Nor do I want (or expect) Ryan to "go along to get along"; part of the reason I've supported him for so many years, despite occasional votes I have disagreed with, is that I believe Ryan to be a man of true principle and deep understanding, but who also realizes that politics is the art of the possible.
Now this is a shocker. Toronto Blue Jays General Manager Alex Anthopoulos, whose bold acquisitions of Troy Tulowitzki and David Price, led the the team to the AL East title and their first post-season appearance since 1993, is leaving the team.
Anthopoulos has evidently resigned because of differences with new team President Mark Shapiro who is replacing the retiring Paul Beeston. Shapiro, who had been the President of the Cleveland Indians since 2010 and with the Tribe since 1991, wanted total control over personnel decisions notwithstanding Anthopoulos' success.
The Miami Marlins have reportedly hired Don Mattingly to be their new manager.
Mattingly, who parted ways with the Los Angeles Dodgers a week ago, has agreed to a four year deal to manage the club.
All I can say is good luck. It's not that the Marlins lack talent. They've got an abundance of it with the likes of Giancarlo Stanton, Jose Fernandez, Justin Bour, Dee Gordon, Adeiny Hechevarria and Christian Yelich. The problem is that Jeffrey Loria is the boss. Mattingly is the Marlins' eighth manager since 2010. In 2015, the Marlins had two managers — Mike Redmond and Dan Jennings. Redmond was fired in mid-May. While I agreed with the firing, the Marlins inexplicably replaced him with Jennings, the team's GM who only coached high school baseball 30 years ago. The Marlins finished 19 games back of the New York Mets in the NL East this season.
There is a bottle that sits on my desk which serves as irrefutable proof that less regulation is better than more.
Pull the stopper top and a remarkable aroma plumes forth. “I’d wear this as cologne,” a colleague remarked. He’s a clean-cut fellow, mind you, not a gutter dipsomaniac. “That’s really nice,” exclaimed another.
This 90-proof liquor’s scents come from juniper, cucumber, lemon, sage, lavender, black pepper, red bell peppers and pimento. It is Uncle Val’s Peppered Gin, made by 35 Maple Street Spirits in Sonoma, Calif.
Gin, you ask? Is that not the water-clear hooch from the United Kingdom that smells like pine needles? Yes, often gins are made in the London Dry style (think Beefeater). But gin need not ooze juniper.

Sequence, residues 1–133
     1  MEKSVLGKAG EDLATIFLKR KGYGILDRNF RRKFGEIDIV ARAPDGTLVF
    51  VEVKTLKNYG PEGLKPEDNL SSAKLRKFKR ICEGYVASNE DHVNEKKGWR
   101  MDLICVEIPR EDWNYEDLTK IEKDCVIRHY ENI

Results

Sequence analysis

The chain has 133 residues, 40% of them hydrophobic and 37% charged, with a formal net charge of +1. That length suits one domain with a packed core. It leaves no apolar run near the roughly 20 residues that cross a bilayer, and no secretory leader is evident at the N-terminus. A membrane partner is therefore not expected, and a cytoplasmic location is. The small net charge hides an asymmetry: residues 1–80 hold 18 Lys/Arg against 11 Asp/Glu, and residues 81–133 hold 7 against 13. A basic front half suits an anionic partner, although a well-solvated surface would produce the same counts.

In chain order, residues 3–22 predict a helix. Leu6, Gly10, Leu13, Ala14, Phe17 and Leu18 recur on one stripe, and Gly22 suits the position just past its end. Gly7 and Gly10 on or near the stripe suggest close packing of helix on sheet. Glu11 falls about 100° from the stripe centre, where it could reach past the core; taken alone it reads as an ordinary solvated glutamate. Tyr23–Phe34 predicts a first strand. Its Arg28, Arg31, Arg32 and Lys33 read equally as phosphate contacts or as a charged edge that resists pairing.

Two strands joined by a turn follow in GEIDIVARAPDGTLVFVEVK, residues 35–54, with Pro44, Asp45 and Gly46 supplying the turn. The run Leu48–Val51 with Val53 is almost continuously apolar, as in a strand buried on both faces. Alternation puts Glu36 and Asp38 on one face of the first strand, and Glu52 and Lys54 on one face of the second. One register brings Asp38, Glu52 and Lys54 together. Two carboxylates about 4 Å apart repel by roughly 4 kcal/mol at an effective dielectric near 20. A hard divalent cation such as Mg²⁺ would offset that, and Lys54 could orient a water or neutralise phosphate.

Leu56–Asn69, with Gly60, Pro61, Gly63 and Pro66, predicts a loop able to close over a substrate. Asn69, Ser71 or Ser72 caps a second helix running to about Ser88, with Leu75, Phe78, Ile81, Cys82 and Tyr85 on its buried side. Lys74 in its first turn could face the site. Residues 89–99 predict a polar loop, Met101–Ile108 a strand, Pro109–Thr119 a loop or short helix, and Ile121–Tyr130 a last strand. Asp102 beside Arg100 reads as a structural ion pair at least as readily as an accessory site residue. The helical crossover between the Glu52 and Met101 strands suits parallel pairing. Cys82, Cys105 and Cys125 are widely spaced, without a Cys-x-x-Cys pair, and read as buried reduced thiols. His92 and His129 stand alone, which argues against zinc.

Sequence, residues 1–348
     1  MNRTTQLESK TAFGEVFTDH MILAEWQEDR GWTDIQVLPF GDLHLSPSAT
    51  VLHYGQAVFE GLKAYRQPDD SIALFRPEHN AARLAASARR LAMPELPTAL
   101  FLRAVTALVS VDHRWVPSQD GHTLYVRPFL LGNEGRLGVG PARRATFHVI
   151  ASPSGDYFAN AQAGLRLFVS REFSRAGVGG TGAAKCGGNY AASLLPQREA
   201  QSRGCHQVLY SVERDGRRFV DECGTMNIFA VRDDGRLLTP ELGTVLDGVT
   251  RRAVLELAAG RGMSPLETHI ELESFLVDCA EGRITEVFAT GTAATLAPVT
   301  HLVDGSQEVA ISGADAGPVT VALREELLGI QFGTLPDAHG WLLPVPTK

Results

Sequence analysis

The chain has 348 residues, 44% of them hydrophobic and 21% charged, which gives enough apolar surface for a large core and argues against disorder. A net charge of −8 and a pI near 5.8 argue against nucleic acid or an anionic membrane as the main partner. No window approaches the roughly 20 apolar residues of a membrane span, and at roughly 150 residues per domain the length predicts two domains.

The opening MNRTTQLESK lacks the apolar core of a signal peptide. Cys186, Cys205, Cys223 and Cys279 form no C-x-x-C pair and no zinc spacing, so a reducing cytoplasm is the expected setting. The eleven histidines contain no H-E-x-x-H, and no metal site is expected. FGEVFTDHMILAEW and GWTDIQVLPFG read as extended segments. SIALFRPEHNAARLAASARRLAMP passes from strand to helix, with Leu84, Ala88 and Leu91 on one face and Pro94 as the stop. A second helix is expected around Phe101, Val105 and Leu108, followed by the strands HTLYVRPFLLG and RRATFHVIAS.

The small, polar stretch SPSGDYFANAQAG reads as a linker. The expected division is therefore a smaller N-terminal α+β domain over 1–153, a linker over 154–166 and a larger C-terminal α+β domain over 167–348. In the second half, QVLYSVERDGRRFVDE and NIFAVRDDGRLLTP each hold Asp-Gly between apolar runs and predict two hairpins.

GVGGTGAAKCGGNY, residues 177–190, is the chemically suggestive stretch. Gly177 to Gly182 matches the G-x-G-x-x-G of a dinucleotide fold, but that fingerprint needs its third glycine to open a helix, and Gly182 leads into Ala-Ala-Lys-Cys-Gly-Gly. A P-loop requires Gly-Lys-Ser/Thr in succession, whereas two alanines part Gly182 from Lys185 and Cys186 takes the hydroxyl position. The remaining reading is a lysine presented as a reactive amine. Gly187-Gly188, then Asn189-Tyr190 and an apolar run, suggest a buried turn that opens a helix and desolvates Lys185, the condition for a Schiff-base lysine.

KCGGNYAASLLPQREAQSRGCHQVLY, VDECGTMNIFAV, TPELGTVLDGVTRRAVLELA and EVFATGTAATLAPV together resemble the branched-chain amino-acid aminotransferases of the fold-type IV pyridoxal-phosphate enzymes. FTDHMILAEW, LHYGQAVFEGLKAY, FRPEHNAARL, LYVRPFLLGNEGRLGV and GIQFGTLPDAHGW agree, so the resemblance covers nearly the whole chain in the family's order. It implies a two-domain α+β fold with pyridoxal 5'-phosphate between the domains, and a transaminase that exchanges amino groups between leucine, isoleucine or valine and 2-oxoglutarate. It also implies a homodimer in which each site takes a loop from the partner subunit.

It appears that Bud Black will be named the new manager of the Washington Nationals.
Black, a former big league pitcher who was a member of the 1985 World Series champion Kansas City Royals, managed the San Diego Padres from 2007 until June 2015 when he was dismissed. The Padres only had two winning seasons under Black and never reached the post-season. They would miss the NL Wild Card in 2007 and would collapse at the end of the 2010 season.
But the Nationals have the kind of talent he could have only dreamed of in San Diego (saving for the free agent and trade acquistions the team made last off-season). The Nats wanted an experienced manager who had a good rapport with players. With this in mind, the final two candidates were Black and ex-Giants, Cubs and Reds manager Dusty Baker.
I spent a majority of the evening watching, tweeting and writing about tonight's GOP debate.
But I peeked in on Game 2 of the World Series during the commercials and watched the final couple of innings at the conclusion of the debate.
Johnny Cueto has been very inconsistent with the Royals, but tonight he was in top form tossing a complete game, two-hitter en route to a 7-1 victory over the New York Mets. Cueto becomes the first AL pitcher to throw a complete game in the World Series since Jack Morris threw 10 innings in Game 7 of the 1991 World Series. Morris' complete game gave the Twins a World Series triumph against the Atlanta Braves. As for the Royals, they now have a 2-0 lead in the Series.
So much for my prediction that the Mets would win in five. The series will resume in New York on Friday.